You love your car and want to do everything you possibly can to keep it always looking great while performing at its best. As you know, the minute that you purchased your new vehicle, it lost more than 35% of its overall value. But, don’t panic, because that happens to anyone who buys a new vehicle, but if you play it smart and do the right things, you will increase your car’s lifespan and retain its value.
At Mike’s Auto Body, we see customers who have kept their cars in top shape despite heavy use and inclement weather for many years, by practicing some of these simple techniques:
1.) A clean car is a happy car: Washing your car makes it look great, and helps increase its lifespan, too. It is always a good idea to wash it at least monthly, because it removes the dirt and grime that can damage the paint.
2.) Don’t overlook your underbody: Shiny paint looks good, but the underside of your vehicle is continually exposed to moisture, mud, slime, road salt, and garbage on the road. Use a pressure washer to clean off as much as you can to prevent rust and corrosion.
3.) Make certain carpets are clean and 100% dry: Damp carpets can bleed water onto the frame, leading to potentially serious rust and corrosion. Rubber floor mats might be a sage investment if you live in a wet climate.
4.) Repair body damage if needed: Sometimes we believe that fixing minor body damage is more trouble than what its overall value. However, leaving damage unrepaired can have negative results in the long-term.
5.) Repair small dents and dings: These blemishes are susceptible to rust and oxidization. Certain states won’t permit a vehicle to pass a registration inspection if there are rust holes in the car’s body. Depending on the amount of rust you may be able to fix it yourself, but when in doubt, contact a reliable body shop or Paintless Dent Repair company to do the work.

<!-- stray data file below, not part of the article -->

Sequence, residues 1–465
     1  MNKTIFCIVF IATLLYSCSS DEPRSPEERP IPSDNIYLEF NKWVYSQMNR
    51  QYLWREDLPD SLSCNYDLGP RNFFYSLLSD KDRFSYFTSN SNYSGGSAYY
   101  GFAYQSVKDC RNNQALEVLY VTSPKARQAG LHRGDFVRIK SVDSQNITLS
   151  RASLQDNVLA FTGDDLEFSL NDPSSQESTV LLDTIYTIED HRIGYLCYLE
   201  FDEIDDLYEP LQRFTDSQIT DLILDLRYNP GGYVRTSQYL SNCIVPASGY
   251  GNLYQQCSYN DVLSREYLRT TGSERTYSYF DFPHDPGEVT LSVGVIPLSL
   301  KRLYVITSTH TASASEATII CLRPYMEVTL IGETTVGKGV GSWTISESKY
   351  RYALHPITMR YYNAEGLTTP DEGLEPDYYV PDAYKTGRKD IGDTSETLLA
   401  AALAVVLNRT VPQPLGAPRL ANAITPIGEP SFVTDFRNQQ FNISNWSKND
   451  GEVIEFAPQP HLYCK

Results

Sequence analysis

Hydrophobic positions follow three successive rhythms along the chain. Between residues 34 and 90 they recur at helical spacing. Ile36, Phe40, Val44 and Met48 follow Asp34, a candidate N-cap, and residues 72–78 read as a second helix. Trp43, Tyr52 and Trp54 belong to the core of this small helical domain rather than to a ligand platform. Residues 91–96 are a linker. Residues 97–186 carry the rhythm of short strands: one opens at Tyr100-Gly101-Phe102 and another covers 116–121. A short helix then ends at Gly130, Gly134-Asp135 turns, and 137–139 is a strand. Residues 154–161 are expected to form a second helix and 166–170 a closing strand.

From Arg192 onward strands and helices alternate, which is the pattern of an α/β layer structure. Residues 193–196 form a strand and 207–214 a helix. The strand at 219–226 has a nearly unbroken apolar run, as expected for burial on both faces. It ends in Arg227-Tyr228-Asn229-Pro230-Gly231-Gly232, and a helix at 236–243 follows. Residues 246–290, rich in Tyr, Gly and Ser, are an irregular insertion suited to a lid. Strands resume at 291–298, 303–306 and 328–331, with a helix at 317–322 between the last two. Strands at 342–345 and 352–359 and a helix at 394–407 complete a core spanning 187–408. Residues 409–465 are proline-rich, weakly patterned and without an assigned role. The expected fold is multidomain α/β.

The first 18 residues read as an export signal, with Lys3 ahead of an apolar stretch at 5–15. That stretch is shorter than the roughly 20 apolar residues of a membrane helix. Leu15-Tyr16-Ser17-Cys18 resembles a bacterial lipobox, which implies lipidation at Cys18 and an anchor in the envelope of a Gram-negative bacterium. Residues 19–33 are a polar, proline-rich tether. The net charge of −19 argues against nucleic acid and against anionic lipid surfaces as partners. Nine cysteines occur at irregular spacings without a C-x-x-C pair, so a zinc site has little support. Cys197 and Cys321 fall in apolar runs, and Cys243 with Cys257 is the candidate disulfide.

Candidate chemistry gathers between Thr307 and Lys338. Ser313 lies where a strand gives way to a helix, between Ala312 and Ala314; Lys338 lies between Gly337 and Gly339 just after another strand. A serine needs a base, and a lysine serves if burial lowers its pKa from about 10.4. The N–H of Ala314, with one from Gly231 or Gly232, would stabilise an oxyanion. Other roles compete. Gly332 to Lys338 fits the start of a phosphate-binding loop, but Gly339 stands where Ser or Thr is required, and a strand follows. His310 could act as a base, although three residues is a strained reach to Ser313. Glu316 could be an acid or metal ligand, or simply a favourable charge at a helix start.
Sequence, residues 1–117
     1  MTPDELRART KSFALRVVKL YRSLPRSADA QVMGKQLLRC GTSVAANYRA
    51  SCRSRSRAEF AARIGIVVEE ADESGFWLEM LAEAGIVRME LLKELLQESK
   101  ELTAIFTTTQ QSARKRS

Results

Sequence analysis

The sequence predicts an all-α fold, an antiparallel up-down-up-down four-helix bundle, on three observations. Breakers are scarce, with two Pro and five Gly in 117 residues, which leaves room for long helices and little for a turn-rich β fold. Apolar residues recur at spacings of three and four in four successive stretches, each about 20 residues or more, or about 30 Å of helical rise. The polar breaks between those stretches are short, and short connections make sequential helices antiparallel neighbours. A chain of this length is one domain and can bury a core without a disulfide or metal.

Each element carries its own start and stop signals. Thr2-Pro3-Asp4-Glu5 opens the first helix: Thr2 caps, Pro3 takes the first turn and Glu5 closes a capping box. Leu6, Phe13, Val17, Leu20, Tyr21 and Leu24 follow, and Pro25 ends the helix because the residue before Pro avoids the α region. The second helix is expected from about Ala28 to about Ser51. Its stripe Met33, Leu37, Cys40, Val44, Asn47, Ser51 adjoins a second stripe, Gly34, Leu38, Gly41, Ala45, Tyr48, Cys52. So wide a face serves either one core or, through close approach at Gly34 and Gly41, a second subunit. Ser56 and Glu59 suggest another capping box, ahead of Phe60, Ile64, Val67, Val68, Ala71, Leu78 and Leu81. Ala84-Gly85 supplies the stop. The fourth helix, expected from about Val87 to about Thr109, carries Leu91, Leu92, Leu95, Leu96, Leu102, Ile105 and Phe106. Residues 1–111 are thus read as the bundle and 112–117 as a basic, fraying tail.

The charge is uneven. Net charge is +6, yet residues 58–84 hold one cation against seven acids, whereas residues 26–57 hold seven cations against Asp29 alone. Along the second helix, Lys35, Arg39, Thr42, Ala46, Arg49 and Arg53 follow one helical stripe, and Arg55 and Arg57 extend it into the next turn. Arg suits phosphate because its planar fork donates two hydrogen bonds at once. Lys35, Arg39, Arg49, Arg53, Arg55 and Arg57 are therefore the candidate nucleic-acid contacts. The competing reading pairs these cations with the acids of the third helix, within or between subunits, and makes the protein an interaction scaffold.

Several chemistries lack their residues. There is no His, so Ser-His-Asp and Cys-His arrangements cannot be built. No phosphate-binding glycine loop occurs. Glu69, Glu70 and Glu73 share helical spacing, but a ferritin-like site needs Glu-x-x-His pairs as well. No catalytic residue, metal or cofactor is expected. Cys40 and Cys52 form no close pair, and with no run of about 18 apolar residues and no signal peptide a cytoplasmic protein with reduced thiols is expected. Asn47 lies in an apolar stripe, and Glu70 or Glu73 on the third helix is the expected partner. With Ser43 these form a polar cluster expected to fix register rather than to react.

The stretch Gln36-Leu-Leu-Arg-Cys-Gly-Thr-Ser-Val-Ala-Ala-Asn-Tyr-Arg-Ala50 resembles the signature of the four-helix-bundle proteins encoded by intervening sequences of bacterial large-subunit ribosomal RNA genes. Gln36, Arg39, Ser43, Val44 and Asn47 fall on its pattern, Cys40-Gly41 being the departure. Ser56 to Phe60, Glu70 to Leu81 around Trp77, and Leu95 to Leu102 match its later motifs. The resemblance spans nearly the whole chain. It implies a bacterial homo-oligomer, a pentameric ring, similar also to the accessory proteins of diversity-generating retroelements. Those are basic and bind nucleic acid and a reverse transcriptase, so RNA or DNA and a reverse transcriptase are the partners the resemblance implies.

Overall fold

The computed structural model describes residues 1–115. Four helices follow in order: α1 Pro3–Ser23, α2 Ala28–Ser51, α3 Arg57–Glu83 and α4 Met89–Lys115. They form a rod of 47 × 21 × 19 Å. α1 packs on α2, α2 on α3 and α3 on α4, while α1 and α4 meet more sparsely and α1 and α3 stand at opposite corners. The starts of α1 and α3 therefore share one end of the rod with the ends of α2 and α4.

6.) Touch-up paint scratches: Car paint acts as a protective barrier for the sheet metal beneath. Any scratch in the paint enables moisture to reach the metal, resulting in rust. If you discover a new scratch in your car’s paint, touch it up immediately before it gets worse.
7.) Change ALL of your car fluids regularly: The assortment of fluids in your car are important in keeping it running well. Always refer to your owner’s manual to see what the fluid maintenance intervals are, then follow them without deviation. Different types of cars have varied oil change intervals, but the general range is normally between 3,000 and 5,000 miles. Driving past that range means your engine will be at greater risk of overheating and increased wear on internal components.
8.) Be prepared for unexpected vehicle repairs: Certain car parts have limited life spans, so it’s always a smart move to have them regularly checked to ensure they’re in decent shape and to replace them right away if they’re not. Putting those repairs off can result in higher bills than if you had replaced them on time.
9.) Change consumable parts when needed: Brake pads, rotors, hoses, and belts, as well as tires, filters, and suspension components all wear down and cease functioning gradually. Keep a log on the condition of these parts so you know when they’re due for replacement to avoid emergency repairs.
10.) Be proactive and not reactive: By staying on top of your car’s needs, you will be able to extend the life of your car in a big way. We see cars here at Mike’s that are 15-20 years old, yet they look spectacular, so it’s not difficult to do if you make it a priority.
Sources: Yahoo, DIY and Car & Driver